On Monday, the stock market will take the day off to shake the confetti out of its hair. But on Tuesday, it'll be back to business as usual on Wall Street. Here are some of the items that will shape the first trading week of the new year.
1. Slow Time at the Apollo: Online education has been an attractive option for high school graduates looking to beef up their resumes without having to fork over big bucks and several years to attend traditional colleges and universities.
The industry has come under fire over the past two years for the lousy repayment rates on student loans and the way that some bad actors aggressively market their degree programs.
We'll get a decent snapshot of this once-recession-resilient industry when Apollo Group (APOL) reports on Thursday. Analysts see the company behind the University of Phoenix posting its fourth consecutive quarter of year-over-year declines in profitability.
Despite posting failing grades on the bottom line over the past year, shares of Apollo are trading near fresh 52-week highs. However, the stock is still trading roughly 40% below its all-time high set nearly three years ago.
2. Shipping FedEx on the Rise: A lot of things, including tablets and video game systems, continue to get cheaper, but that doesn't mean that the costs of getting these gadgets to your front door are getting any lower.
FedEx (FDX) is raising rates this week on many of its more popular shipping options. We're looking at an average hike of nearly 6% for FedEx Express package and freight rates. A similar increase goes into effect on FedEx Ground and Home Delivery services.
It remains to be seen what kind of impact this will have on online retailers that have been pushing free shipping as an incentive to keep shoppers from abandoning virtual shopping carts. The obvious solution would be for them to increase prices on their merchandise to offset the higher fulfillment costs, but that may get in the way of filling up those virtual shopping carts in the first place.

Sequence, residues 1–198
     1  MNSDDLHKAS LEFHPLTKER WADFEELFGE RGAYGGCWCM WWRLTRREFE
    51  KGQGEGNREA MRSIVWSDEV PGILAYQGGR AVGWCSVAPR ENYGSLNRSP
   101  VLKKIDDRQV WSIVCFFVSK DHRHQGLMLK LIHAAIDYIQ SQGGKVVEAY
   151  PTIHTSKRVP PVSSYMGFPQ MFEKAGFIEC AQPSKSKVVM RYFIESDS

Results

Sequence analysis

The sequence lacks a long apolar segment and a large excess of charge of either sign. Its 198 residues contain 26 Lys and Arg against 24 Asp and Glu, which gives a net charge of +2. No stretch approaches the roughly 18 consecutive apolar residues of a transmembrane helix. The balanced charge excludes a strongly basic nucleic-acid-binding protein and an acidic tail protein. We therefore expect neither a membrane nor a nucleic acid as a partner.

3. America Goes for Cheaper Grub: Ruby Tuesday (RT) and Sonic (SONC) are two of the companies reporting their quarterly results this week. Both eateries are expected to post softer bottom-line results than they did a year earlier, with Ruby Tuesday checking in with an actual quarterly loss.
Maybe you've been to one of Ruby Tuesday's casual dining restaurants. Maybe you've parked in front of an ordering board at a Sonic to have a carhop deliver your burger and shake. Neither company can truly be considered a bellwether, though. There are far larger and more popular table-service chains than Ruby Tuesday. And an empty Sonic doesn't mean that there's not a long queue of cars snaking through Mickey D's drive-through a couple of blocks away.
In short, disappointing results out of the two industry laggards won't be indicative of dining-out trends in general.
4. Fields of Dreams: Monsanto (MON) and Mosaic (MOS), two agribusiness heavyweights, are also reporting later this week.
Monsanto is the agrichemical company behind the Roundup weed killer that helps gardeners keep their lawns thriving. It arms farmers with corn, soybean, cotton, wheat, canola, sorghum, and sugarcane seeds.
Mosaic steps up once the crops have been planted, offering up the phosphate- and potash-based products used in fertilizing the fields.
Unlike Ruby Tuesday and Sonic, Monsanto and Mosaic are relevant enough within their niches to provide a healthy snapshot of the state of global agriculture. It's probably a good thing, then, that analysts see both companies posting sharply higher profitability this week.
5. Hurd Mentality: The final week of 2011 ended with a bang for the seemingly dead Mark Hurd saga at Hewlett-Packard (HPQ).
The former HP CEO lost an appeal before a Delaware court in which he sought to keep confidential a letter that contained allegations of sexual harassment, and the letter began circulating last Thursday night.
Hurd isn't at HP anymore. He was dismissed during the rocky summer of 2010 when the incident initially surfaced. He's now a high-ranking executive at Oracle (ORCL). Given HP's calamitous state since his departure, history has redeemed Hurd's performance while trying to turn the PC and printing giant around. Will this letter change things?
The embarrassing accusations aren't necessarily true. In fact, the letter itself was recanted after a settlement was reached with the accuser. Yes, we all know how it looks when someone with sexual harassment claims gets paid off. However, the real issue as we head into 2012 will be whether this is something that Hurd may need to address in the coming days if he wants to restore his public opinion.
Yes, even the nerdy tech world has its soap operas.
Longtime Motley Fool contributor Rick Munarriz does not owns shares in any of the stocks in this article, except for HP. The Motley Fool owns shares of Oracle and FedEx. Motley Fool newsletter services have recommended buying shares of FedEx. Motley Fool newsletter services have recommended creating a synthetic long position in Monsanto.